How do you get your hands on a mistake fare? Well, mistakes are becoming more and more rare these days. Today, many travelers simply stumble upon a mistake fare, effectively being in the right place at the right time. It is tough to truly LOOK for them. And if you do happen to uncover a mistake fare, the ticket needs to be booked as soon as possible because airlines tend to realize their mistakes soon after making them.
Social media is an excellent way to uncover mistake fares. Web sites are another source. TheFlightDeal.com and FlyerTalk.com tend to be excellent sources for cheap flights and mistake fares. Just keeping tabs on the pulse of airline prices could be enough, though I would consider finding a mistake fare to be the exception rather than the rule. A lot of the time, finding a mistake fare is just pure luck.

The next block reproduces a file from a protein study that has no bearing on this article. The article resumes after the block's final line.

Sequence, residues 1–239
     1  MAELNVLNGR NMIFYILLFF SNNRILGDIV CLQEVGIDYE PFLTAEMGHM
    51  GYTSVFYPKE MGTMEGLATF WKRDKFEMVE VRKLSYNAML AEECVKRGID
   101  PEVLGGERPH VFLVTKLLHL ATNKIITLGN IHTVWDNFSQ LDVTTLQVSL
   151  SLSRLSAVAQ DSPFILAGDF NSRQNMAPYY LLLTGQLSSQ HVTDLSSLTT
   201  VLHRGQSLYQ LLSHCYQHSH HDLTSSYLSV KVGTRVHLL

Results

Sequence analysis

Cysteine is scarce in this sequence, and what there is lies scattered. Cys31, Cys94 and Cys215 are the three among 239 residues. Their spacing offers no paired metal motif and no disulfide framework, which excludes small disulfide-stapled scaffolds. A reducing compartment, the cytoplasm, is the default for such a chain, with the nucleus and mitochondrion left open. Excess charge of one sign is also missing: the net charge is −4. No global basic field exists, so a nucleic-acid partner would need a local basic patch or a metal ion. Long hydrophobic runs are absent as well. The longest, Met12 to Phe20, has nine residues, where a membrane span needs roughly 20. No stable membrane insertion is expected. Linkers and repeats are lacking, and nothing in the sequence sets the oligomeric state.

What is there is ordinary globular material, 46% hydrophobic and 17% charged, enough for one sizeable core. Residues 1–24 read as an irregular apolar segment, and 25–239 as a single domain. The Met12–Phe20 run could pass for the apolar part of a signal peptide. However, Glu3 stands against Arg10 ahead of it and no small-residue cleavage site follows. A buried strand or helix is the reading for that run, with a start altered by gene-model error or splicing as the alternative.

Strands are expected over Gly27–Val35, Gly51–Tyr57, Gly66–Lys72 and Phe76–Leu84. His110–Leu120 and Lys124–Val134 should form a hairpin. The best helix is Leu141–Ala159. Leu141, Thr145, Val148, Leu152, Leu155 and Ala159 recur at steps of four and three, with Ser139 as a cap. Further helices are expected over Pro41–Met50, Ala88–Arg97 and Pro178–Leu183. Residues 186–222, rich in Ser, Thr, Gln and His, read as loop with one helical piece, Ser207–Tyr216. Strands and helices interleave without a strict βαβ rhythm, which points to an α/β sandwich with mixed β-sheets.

The Internet offers a gigantic wealth of information. New travel search engines seem to pop up every year claiming to uncover the cheapest flights available. I am talking about resources beyond the more well-known services like Expedia and Travelocity. Sites like SkyScanner, WhichBudget.com, HotelTonight.com, LoungeBuddy.com and AirHelp.com are all ways to find some pretty intense travel deals (or in the case of AirHelp.com, getting your money back when your flight has been delayed or canceled).
But it doesn't stop there. Rooms on Airbnb are very often cheaper than hotel alternatives. Uber can get you a ride for super cheap and Monkey Parking claims guaranteed parking for its users. The best way to bag additional discounts before booking your flight, hotel or car rental is to check if promotional codes are available.
In the end, travel does not need to be expensive. With a little due diligence before you leave, traveling for cheap can be quite easy. You may not stay in 5-star hotels - but then again, you might if you have collected enough credit card points! Some promo code resources are listed for you below:
If you're looking for all inclusive vacation package deals:
Do you have any tips or techniques for traveling on the cheap? If so, comment below because I am always on the lookout for techniques that I haven't thought of.